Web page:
Understanding Carbon Tax in South Africa

Businesses in the manufacturing industry are by now very aware of the new carbon tax act which was gazetted in May 2019, and which came into effect from 01 June 2019.

As with most new laws, there are pros and cons which people will no doubt be debating for years to come. 

We’d like to highlight the main points of the carbon tax act here in South Africa.

What is Carbon Tax?

Carbon tax is an additional tax paid by businesses that produce carbon dioxide as a by-product of their operations. 

The idea behind carbon tax is to encourage businesses to reduce their carbon emissions which would, in turn, make them more energy-efficient and lessen their impact on the global environment.

There is no doubt that climate change needs to be addressed by every country, and by extension, every business which contributes to the greenhouse gases which are impacting our environment. 

A news article from WWF says, “A carbon tax is a way for government to put a price on carbon emissions, and to shift the costs from society to those companies that are creating the emissions. The more a company emits, the more tax it must pay. The more action a company takes to reduce its emissions, or if it is by nature low-carbon, the lower its tax.”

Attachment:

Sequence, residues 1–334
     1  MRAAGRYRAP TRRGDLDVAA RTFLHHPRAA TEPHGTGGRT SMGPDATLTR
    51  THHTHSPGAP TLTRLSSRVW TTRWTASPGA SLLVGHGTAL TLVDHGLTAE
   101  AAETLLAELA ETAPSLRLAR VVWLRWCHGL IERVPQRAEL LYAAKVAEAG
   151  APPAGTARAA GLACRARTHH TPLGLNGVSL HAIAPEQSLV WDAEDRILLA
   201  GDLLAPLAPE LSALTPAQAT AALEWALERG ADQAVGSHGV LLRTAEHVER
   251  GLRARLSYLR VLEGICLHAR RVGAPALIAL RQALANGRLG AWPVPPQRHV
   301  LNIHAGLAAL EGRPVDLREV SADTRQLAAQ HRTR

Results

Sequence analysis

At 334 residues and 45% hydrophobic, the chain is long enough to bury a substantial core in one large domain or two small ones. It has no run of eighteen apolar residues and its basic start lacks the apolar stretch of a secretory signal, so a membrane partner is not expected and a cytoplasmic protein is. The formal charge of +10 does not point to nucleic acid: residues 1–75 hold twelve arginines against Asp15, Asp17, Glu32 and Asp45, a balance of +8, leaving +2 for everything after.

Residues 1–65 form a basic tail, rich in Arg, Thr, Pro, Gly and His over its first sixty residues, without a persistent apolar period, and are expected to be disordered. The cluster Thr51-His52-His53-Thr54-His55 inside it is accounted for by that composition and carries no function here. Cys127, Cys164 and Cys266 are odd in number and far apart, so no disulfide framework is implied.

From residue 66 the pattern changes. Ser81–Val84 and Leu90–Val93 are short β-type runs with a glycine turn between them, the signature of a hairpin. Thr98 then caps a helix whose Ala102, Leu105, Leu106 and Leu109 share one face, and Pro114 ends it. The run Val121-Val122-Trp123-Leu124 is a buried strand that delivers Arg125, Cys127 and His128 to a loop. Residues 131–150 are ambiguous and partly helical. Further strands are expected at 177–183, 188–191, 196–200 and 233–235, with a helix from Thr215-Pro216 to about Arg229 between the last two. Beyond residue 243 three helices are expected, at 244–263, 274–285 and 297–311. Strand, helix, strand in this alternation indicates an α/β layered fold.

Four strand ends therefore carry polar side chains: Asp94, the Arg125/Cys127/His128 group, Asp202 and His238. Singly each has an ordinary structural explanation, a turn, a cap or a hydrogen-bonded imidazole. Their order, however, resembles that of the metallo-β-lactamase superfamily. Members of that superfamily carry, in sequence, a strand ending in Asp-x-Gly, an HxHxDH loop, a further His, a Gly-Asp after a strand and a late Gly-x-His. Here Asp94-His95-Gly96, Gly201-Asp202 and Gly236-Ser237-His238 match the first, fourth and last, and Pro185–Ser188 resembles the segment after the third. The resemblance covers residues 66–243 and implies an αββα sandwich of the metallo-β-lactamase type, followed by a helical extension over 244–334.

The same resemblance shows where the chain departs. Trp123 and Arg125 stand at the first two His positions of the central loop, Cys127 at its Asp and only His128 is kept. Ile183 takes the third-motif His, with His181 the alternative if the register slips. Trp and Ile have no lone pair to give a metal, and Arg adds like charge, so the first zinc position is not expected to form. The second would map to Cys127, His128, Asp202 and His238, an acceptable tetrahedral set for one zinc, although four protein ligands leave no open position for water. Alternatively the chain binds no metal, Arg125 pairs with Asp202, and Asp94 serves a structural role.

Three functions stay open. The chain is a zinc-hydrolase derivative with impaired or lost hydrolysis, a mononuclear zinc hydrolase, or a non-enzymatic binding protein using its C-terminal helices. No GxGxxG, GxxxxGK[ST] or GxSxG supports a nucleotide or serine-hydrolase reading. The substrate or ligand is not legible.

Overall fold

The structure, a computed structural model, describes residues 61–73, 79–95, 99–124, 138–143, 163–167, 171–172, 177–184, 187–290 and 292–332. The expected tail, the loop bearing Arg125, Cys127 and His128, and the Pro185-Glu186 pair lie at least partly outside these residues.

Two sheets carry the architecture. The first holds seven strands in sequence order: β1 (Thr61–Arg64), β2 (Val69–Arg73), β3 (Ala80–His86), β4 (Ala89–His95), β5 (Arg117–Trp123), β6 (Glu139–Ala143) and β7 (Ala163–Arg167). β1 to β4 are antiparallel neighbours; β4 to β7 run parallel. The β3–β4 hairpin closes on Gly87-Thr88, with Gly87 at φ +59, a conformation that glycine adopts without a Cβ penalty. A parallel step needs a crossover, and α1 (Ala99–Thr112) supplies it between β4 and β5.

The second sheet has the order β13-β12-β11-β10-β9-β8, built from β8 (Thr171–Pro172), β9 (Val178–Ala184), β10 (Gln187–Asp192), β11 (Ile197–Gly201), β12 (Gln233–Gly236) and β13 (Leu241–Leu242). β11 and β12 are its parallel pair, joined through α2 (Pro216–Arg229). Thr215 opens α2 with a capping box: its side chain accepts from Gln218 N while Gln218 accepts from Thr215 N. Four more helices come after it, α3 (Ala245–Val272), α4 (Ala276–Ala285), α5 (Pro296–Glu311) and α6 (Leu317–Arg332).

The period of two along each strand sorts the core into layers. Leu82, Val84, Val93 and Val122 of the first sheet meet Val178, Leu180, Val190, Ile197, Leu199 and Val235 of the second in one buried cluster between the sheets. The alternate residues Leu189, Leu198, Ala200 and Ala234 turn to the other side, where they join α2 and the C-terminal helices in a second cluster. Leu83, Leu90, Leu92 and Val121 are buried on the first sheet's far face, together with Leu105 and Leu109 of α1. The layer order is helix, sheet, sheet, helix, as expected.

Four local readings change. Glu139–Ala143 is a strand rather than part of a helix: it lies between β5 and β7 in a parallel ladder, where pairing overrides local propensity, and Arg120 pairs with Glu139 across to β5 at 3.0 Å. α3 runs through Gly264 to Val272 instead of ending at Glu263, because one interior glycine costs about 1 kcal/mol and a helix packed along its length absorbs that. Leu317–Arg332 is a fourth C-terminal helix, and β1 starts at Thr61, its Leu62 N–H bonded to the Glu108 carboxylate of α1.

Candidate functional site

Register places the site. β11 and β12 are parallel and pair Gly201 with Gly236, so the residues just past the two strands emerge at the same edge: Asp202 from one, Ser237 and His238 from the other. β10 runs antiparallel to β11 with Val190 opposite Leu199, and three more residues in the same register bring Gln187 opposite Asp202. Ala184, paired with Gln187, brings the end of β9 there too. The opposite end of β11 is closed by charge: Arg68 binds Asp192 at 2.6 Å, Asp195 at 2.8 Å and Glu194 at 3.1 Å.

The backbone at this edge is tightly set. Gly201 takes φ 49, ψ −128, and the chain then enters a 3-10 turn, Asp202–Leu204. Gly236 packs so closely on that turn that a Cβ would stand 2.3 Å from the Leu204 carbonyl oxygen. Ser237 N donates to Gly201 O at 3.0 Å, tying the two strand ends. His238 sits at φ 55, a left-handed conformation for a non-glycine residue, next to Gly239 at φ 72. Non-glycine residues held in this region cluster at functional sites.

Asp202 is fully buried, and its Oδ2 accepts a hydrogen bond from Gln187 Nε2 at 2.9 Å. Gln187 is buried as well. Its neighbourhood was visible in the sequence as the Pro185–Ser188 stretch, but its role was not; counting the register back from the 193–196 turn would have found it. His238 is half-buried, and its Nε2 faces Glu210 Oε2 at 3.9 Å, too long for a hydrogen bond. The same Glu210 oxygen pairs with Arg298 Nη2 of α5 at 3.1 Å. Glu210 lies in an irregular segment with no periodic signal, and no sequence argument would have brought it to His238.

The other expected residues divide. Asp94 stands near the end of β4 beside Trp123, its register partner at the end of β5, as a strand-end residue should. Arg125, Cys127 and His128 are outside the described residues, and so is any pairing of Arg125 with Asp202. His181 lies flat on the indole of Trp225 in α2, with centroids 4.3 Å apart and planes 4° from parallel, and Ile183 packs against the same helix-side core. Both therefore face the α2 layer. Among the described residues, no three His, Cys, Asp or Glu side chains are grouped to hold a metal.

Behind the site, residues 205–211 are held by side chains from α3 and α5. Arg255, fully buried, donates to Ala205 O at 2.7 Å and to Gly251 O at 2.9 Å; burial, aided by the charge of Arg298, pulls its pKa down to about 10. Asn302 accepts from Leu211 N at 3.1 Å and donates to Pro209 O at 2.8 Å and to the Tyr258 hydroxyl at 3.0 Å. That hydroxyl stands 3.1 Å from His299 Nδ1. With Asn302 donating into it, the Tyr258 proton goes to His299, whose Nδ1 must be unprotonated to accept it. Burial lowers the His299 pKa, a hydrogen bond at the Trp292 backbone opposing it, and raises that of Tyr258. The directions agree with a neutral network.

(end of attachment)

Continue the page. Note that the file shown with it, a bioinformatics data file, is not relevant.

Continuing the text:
Carbon Tax Basics

The World Economic Forum helps us to understand carbon tax  costs in simple terms. They say:

  • The carbon tax is being introduced at a much lower rate than needed in the longer term. The nominal amount of carbon tax that a company will pay is R120 per ton CO2-eq.
  • Multiple allowances, including a 60% “basic” tax-free allowance, means big emitting companies pay at most R48/ton. The tax is payable by companies which exceed the threshold of carbon emissions.
  • The tax will be paid by companies to the South African Revenue Services (SARS).

Our planet needs help, in any form it can get.

And if forcing the hand of the industries responsible for carbon emissions to reduce their footprint and to move to more energy efficient processes is going to help, then it’s a logical forward step.

The WWF article quoted above sums up our joint responsibility toward reducing carbon emissions – both as businesses and as individuals. “Re-orientate your lifestyle and the economy now. Choose energy-saving appliances; implement energy savings in your home and workplace; choose locally produced foods and proudly South African products; if you have a car, think about how to make your car trips more efficient by combining trips or sharing lifts.”

 

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